Example of Bible Interpretation.
(Applying interpretive processes to biblical passages)
To my dear friend Gaius, whom I love in the truth.
Dear friend, I pray that you may enjoy good health and that all may go well with you, even as your soul is getting along well. It gave me great joy to have some brothers come and tell about your faithfulness to the truth and how you continue to walk in the truth. I have no greater joy than to hear that my children are walking in the truth. (NIV)
The Elder unto the wellbeloved Gaius, whom I love in truth. 2Beloved, I wish above all things that thou mayest prosper and be in health, even as thy soul prospereth. 3For I rejoiced greatly, when the brethren came and testified of the truth that is in thee, even as thou walkest in the truth. 4I have no greater joy than to hear that my children walk in truth. (KJV)
Here is a very simple example on how to do a proper exegesis with an epistle. First, if you haven't done so, please study the guide on understanding Epistles.
You will notice that our passage is the opening part of a personal letter. Here the author starts with a salutation to introduce himself as the Elder and the recipient as Gaius. But for some reason he skipped the greeting part of the letter (see 2 John 3). The author in verse 2, follows the standard form by expressing a prayer for Gaius before the main body of the letter. In verses 3-4, the author informed Gaius of what he heard about him and how he feels about it. That's it. Verses 1-4 are pretty clear if you will read it carefully. The author considers Gaius a convert since the author considers him one of his children. Remember, to find the theme and purpose of the letter, you should read the whole letter.
Verse 2 has always been the more prominent verse in that it has often been interpreted as a promise from God that Christians should be rich and healthy. It became a key verse for a doctrine that guarantees health and wealth for Christians. But is it true? Does Gaius interpreted it as such? Does the elder intend it to be a promise from God of wealth and health?
Going back to guidelines for proper interpretation, the guarantee of health and wealth is not the intended meaning of the original author, nor would Gaius take it as such. "Health and success" are themes that are commonly included in personal letters during that time. Verse 2 only confirms that theme and is a standard part in the beginning of the letter.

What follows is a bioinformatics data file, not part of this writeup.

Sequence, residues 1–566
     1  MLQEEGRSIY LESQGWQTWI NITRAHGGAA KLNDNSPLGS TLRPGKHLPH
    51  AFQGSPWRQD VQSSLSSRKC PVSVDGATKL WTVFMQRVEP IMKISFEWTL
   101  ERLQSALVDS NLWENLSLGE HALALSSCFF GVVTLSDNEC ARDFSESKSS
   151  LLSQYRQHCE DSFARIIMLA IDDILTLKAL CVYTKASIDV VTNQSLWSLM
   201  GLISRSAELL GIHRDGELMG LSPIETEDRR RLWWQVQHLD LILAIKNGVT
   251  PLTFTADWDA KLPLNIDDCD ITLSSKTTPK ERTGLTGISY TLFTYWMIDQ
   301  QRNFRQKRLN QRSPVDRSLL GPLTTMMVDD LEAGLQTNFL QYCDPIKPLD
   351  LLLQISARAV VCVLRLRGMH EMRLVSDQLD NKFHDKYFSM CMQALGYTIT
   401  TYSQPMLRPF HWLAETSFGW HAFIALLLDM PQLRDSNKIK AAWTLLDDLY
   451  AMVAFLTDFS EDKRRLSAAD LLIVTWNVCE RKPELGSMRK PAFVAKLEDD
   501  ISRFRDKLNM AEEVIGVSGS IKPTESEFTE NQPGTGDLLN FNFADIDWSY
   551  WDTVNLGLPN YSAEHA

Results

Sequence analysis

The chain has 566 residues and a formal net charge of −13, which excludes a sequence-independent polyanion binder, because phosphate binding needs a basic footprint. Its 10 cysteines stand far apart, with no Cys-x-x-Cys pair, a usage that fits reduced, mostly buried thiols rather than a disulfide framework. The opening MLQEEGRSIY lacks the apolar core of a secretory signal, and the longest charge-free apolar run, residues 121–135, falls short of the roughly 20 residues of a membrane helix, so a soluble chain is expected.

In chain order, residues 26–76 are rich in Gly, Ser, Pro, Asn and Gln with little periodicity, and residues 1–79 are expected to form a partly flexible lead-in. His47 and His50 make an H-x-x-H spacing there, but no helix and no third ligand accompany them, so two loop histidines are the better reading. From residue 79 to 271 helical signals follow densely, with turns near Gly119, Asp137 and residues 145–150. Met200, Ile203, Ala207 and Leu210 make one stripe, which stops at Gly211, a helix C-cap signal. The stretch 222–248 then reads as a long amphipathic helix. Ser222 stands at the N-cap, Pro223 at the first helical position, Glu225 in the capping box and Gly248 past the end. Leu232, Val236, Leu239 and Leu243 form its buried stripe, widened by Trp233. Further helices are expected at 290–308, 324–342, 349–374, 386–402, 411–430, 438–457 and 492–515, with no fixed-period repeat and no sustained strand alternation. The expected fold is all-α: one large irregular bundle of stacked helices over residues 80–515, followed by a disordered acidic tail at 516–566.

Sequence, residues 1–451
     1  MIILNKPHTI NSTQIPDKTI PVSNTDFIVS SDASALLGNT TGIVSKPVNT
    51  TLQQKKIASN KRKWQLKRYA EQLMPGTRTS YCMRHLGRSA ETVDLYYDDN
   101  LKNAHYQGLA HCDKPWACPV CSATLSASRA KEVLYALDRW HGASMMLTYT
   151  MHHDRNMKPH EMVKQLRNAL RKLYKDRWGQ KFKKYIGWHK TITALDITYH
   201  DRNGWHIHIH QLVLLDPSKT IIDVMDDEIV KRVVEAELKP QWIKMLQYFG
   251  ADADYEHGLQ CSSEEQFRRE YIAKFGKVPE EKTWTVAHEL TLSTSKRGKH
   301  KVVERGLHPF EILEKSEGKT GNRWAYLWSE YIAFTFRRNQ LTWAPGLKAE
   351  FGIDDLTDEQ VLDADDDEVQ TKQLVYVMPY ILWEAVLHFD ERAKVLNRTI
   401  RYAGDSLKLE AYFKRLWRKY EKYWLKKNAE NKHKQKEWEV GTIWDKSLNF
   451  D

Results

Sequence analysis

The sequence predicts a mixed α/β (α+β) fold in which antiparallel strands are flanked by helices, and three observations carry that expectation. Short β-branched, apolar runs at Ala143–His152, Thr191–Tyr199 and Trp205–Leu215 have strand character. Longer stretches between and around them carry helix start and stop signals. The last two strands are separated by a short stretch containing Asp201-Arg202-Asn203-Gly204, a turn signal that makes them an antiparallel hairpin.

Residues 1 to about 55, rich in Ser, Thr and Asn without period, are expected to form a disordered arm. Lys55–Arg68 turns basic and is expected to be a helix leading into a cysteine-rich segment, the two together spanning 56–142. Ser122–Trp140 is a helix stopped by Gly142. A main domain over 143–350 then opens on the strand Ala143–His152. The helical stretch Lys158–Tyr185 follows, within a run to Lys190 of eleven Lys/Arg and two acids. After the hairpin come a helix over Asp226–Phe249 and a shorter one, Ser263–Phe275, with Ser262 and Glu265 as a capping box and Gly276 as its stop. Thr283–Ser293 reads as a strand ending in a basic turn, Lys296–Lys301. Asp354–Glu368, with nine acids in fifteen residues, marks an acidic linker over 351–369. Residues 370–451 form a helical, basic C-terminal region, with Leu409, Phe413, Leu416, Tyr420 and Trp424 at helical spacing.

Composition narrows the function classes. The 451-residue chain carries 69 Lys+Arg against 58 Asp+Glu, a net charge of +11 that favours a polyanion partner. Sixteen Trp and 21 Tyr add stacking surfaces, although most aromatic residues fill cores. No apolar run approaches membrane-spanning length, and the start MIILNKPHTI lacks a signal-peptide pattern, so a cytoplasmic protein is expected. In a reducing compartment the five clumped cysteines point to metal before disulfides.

To put so much weight on verse 2 is to neglect the proper way of reading the letter. None of the original reader would do this, and neither should we. If we claim that such an interpretation is only revealed to us in this generation, we are saying that the Bible changes its meaning in time. That cannot be accepted.
Remember, the Bible still means what it meant originally, this is the only way the Bible will become meaningful and protects its message. Verse 2 was intended to be a "wish" or "prayer" of the author to Gaius and it still the same today. I can accept if you will pray for others to be rich and healthy because of this verse, but not if you will tell me that this verse is God's guarantee that Christians should be materially rich and physically healthy.
What do you think? Please do not hesitate to send your comments or questions whether you agree or disagree.
Wherefore, my beloved, as ye have always obeyed, not as in my presence only, but now much more in my absence, work out your own salvation with fear and trembling. 13For it is God which worketh in you both to will and to do of his good pleasure. (KJV)
In this example, we will apply interpretation by paying close attention to grammar and meaning of words.
At first glance, this verse seems to be very clear and easy to understand. But the problem is that what seems to be a simple meaning of what Paul is saying here is contradicting the Bible teaching of salvation by faith alone.
So now we need to understand this passage without contradicting Paul himself (see Eph.2:8-9) and the basic doctrine of the Bible as one of our guidelines for proper interpretation.
We should start by finding the meaning of "work out". First, the words "work out" is considered to be not in Greek. Second, this is a different word found in Eph. 2:9 where Paul is saying that we cannot be save by "work". Third, Paul uses the same Greek word in 2 Corinthians 12:12 "The signs of a true apostle were performedamong you..." (NASB). Paul's true apostleship was not earned by signs but rather signs were seen or demonstrated because he was a true apostle. So here in our passage: Paul could be saying that the Philippians should live out ("work out" not "work for") the life of a person that has already been saved.
Although some version have "work for", it seems that "work out" is a better choice of words.
Also, verse 13 (note "for") indicates that it is a continuation of verse 12, which is the reason why they should "work out". Therefore what the passage actually means is that since the Philippians have been saved and God is now working in them to will and act, they should manifest it by the way they live their lives everyday. This is another way of reiteration of what Paul just said previously in 1:27 "...conduct yourselves in a manner worthy of the gospel of Christ." (NIV)
Now try to explain what Paul meant by "fear and trembling"?